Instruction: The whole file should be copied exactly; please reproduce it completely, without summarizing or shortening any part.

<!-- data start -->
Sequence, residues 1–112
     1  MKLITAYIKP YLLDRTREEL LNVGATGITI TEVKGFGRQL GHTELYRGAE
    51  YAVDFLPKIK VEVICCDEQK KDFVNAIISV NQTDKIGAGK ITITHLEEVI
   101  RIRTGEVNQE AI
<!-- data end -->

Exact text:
Sequence, residues 1–112
     1  MKLITAYIKP YLLDRTREEL LNVGATGITI TEVKGFGRQL GHTELYRGAE
    51  YAVDFLPKIK VEVICCDEQK KDFVNAIISV NQTDKIGAGK ITITHLEEVI
   101  RIRTGEVNQE AI